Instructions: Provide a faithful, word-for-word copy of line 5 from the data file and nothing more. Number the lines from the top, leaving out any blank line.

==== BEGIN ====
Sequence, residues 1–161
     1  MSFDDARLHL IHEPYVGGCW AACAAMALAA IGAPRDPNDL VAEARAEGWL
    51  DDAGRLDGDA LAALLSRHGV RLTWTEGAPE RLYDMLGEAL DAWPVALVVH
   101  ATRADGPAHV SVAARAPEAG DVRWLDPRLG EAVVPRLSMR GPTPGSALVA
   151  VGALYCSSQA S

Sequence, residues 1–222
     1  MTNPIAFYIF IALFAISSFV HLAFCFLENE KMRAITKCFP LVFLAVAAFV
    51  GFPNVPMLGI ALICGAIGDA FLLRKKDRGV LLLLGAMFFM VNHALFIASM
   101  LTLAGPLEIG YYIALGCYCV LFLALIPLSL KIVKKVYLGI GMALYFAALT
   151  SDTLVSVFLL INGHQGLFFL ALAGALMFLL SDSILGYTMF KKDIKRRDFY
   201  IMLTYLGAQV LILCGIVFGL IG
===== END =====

   151  VGALYCSSQA S